Jewish Disability Awareness Month: Beyond our Borders
If you’ve kept up your habit of reading RACblog religiously (you’re supposed to check for updates three times a day, right?), then you must know that February has been Jewish Disability Awareness Month. While most of our JDAM coverage has focused on the struggle for inclusion in the United States, as the month draws to a close I’d like to highlight some of the issues confronting persons with disabilities worldwide.
According to the United Nations, more than one billion people worldwide live with some form of disability. That means that people with disabilities comprise nearly 15% of the world’s population and represent the world’s largest minority. However, despite their considerable number, people with disabilities are all too often left out of discussions about the major issues confronting our world.
The effects of all the global social justice issues we discuss – poverty, disease, violence and natural disasters – redouble when considering people with disabilities. According to the World Bank, persons with disabilities in the Global South are the most likely to live in poverty and they are the least likely to attend schools. They frequently lack sufficient access health care, and too often that lack of care worsens disabilities and creates new ones. The lack of basic infrastructure prevents people with disabilities from accessing the most basic services they need and deserve. And when natural disasters or man-made destruction strikes, persons with disabilities are often the worst hit as the least mobile and most dependent on government or international community services.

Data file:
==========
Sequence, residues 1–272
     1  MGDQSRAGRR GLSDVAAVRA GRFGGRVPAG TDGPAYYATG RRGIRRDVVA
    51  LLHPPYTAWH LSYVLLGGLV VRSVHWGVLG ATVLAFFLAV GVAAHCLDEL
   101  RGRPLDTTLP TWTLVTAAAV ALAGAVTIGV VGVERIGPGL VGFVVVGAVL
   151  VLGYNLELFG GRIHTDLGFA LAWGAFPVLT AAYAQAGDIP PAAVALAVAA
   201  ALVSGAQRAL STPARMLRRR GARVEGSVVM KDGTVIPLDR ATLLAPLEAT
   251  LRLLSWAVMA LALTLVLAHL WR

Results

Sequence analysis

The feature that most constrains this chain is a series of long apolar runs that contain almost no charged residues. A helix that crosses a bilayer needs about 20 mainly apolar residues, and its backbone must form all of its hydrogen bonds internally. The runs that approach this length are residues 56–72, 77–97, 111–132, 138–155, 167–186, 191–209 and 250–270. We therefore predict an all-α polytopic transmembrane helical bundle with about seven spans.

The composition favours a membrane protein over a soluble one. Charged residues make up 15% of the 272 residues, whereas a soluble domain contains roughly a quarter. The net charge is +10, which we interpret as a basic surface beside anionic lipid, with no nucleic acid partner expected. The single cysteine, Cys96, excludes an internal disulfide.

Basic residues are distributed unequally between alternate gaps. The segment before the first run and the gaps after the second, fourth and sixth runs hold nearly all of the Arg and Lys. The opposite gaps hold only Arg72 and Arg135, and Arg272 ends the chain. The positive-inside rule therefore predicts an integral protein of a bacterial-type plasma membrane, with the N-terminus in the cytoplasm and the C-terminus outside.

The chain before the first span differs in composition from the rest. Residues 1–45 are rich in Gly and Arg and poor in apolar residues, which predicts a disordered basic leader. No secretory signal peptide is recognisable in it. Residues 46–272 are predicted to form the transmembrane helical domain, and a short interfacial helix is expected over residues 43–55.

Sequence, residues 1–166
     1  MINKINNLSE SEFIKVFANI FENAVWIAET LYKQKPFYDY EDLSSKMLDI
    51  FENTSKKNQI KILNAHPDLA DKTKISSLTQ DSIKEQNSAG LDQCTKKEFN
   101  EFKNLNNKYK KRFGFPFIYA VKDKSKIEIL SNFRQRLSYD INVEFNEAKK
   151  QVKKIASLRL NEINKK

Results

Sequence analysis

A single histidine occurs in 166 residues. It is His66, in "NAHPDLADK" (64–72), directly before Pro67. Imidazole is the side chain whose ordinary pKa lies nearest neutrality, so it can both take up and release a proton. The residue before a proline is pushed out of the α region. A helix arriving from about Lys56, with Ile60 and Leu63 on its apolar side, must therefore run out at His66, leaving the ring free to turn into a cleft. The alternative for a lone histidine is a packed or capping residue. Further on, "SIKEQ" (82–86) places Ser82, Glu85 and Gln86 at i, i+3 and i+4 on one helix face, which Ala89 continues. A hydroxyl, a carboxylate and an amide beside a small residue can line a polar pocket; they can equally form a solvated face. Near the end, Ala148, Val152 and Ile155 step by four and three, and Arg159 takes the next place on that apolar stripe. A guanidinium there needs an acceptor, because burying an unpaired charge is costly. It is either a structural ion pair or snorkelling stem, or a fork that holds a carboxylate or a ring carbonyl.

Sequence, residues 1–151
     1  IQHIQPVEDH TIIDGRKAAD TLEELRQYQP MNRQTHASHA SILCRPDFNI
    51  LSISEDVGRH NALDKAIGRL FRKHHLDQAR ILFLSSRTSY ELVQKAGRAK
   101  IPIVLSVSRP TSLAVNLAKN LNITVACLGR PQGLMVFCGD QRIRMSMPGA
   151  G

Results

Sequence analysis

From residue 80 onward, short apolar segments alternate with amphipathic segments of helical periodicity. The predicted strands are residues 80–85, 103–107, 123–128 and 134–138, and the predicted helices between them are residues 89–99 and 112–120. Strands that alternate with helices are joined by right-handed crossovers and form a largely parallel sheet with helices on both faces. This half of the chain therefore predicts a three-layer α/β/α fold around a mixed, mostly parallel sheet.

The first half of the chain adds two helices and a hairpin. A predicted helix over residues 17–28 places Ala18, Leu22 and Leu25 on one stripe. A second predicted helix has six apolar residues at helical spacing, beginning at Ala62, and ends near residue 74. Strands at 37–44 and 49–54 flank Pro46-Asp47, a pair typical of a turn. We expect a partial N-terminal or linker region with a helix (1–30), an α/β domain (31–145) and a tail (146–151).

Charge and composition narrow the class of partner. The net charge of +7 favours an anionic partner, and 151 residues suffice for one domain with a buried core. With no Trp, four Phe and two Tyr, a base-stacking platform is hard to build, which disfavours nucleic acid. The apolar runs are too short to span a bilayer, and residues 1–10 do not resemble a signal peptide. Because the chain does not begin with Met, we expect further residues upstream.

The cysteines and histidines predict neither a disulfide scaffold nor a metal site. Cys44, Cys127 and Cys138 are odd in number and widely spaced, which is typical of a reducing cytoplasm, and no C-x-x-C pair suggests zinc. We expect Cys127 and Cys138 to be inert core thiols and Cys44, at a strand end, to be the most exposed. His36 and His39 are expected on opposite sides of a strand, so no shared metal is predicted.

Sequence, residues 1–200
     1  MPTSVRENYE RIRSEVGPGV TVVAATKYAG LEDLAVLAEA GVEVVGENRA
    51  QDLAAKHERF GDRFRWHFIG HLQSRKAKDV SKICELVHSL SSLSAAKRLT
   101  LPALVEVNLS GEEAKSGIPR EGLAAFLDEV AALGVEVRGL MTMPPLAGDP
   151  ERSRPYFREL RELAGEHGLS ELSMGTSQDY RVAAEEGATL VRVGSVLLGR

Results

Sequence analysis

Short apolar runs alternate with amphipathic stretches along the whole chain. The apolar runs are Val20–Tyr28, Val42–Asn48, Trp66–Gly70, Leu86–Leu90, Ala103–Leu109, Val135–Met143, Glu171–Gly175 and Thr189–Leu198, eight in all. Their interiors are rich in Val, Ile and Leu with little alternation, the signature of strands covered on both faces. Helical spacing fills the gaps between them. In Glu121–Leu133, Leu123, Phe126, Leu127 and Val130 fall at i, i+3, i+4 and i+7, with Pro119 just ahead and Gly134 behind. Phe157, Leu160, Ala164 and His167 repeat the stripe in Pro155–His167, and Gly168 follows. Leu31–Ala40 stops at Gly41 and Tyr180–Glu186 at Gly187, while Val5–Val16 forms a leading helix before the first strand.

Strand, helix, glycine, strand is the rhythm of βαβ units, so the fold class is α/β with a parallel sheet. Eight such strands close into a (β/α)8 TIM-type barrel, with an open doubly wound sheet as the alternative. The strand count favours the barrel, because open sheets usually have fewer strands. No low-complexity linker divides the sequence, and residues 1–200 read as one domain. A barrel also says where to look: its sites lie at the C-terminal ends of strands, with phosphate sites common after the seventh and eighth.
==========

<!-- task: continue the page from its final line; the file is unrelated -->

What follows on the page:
Major players on the international scene are beginning to address these critical and devastating issues. The World Bank has launched the World Report on Disabilities in order to better track how the people with disabilities can be better served by the Bank’s development work. The United Nations has developed a program called UN ENABLE which advocates for stronger inclusion and better care for people with disabilities in member countries. To this end we have started to track the rights of persons with disabilities as a part of the major development push toward achieving the Millennium Development Goals.
However there is still a need for major policy to be enacted on the international stage, and the United States is critical to its implementation and success. The UN Convention on the Rights of Persons with Disabilities would ensure that the rights of people with disabilities are protected, and their needs met, around the world. Albania recently became the 126th country to ratify the CRPD, but that is not enough for the treaty to take full effect. Early this year, in a failure of moral leadership, the United States Senate failed to ratify the CRPD. Then-Senator John Kerry called that day one of his saddest in office.
But it is not too late! Urge your senators today to ratify the CRPD and extend the protections that the United States already promises people with disabilities to the entire world.